Helpful news from the Department of Homeland Security today of a non-specific threat to the US mainland this summer. John Ashcroft has also chimed in with the news that the face of Al-Qaeda is changing; terrorists now move around with their families to avoid detection, and try to pass themselves off as European-looking.
Chris reminds us that in the world of social scientists, British sociologists are generally considered the shabbiest. This prompts me to consider just how far I’ve come; although I’m British, am a sociologist, and routinely wear crimpolene, in a former life I was a mathematician.
A number of people have thought to deploy Susan Sontag’s thoughts on photography to think about Abu Ghraib, including Sontag herself in Sunday’s New York Times.
I’m not entirely happy with the interpretations I’ve read so far, and am penning something that will soon appear at the Voice of the Turtle. One of the better commentaries, though, is to be found in a soon-to-be published piece by Eric Cheyfitz, in which there’s a painful reminder of the genealogy of trophy photos of abused people of colour.
Today’s review of Fahrenheit 9/11 in the New York Times offers this tantalising morsel:
A particularly unappetizing spectacle in “Fahrenheit 9/11” is provided by Paul Wolfowitz, the architect of both the administration’s Iraqi fixation and its doctrine of “preventive” war. We watch him stick his comb in his mouth until it is wet with spit, after which he runs it through his hair.
A few days ago, I wrote about some of the good things that the US owes to South Asia and the diaspora. The list was incomplete. Two additions, both of which I owe to the splendid Anirvan Chatterjee, are ethical online book-buying and The Chippendales. To quote Anirvan’s fine resource on this:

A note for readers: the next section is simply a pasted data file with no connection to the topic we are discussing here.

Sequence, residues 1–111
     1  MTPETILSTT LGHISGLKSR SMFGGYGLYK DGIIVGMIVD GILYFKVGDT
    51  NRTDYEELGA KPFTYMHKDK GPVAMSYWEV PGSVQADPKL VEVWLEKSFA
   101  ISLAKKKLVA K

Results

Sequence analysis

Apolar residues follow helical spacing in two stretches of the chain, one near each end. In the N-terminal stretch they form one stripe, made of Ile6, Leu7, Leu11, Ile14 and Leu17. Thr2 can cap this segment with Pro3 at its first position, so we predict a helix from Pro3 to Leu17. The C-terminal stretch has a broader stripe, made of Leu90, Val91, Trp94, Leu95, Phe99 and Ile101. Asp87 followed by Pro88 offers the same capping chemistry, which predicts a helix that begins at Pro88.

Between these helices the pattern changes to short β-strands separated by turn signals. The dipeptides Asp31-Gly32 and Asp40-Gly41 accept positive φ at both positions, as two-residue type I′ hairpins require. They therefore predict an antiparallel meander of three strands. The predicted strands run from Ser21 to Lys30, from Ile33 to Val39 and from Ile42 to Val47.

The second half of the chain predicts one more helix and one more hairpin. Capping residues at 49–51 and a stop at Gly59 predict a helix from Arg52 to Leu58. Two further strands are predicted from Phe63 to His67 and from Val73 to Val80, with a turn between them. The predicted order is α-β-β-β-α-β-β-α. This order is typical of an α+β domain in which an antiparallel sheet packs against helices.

It’s a grey day for the food system, and I’ve got the blues. The World Health Organization has oozed its way around the carbohydrate industry with a fairly fluffy set of admonitions to the food industry not to sell candy to kids because it makes them fat. Naughty food industry, bad food industry.
At the same Gracenet dinner that I met Paul, I learned a thing or two from the visiting speaker, AnnaLee Saxenian. The brain-drain of high-skill technology graduates from China and India to Silicon Valley is only half the story. The brains also go back home, taking their newfound ideas with them. Saxenian writes of “brain circulation”, the trans-Pacific process of cross-fertilization, through which Silicon Valley gets socially networked to urban centres throughout Asia.
I’ve just met a lovely man who works for the US Geological Survey. Given his profession, it’s unfortunate that the best way I can think of describing him is “down to earth”. Still, he had some interesting news for those of us living, as I do, in the Bay Area. We’re all going to die.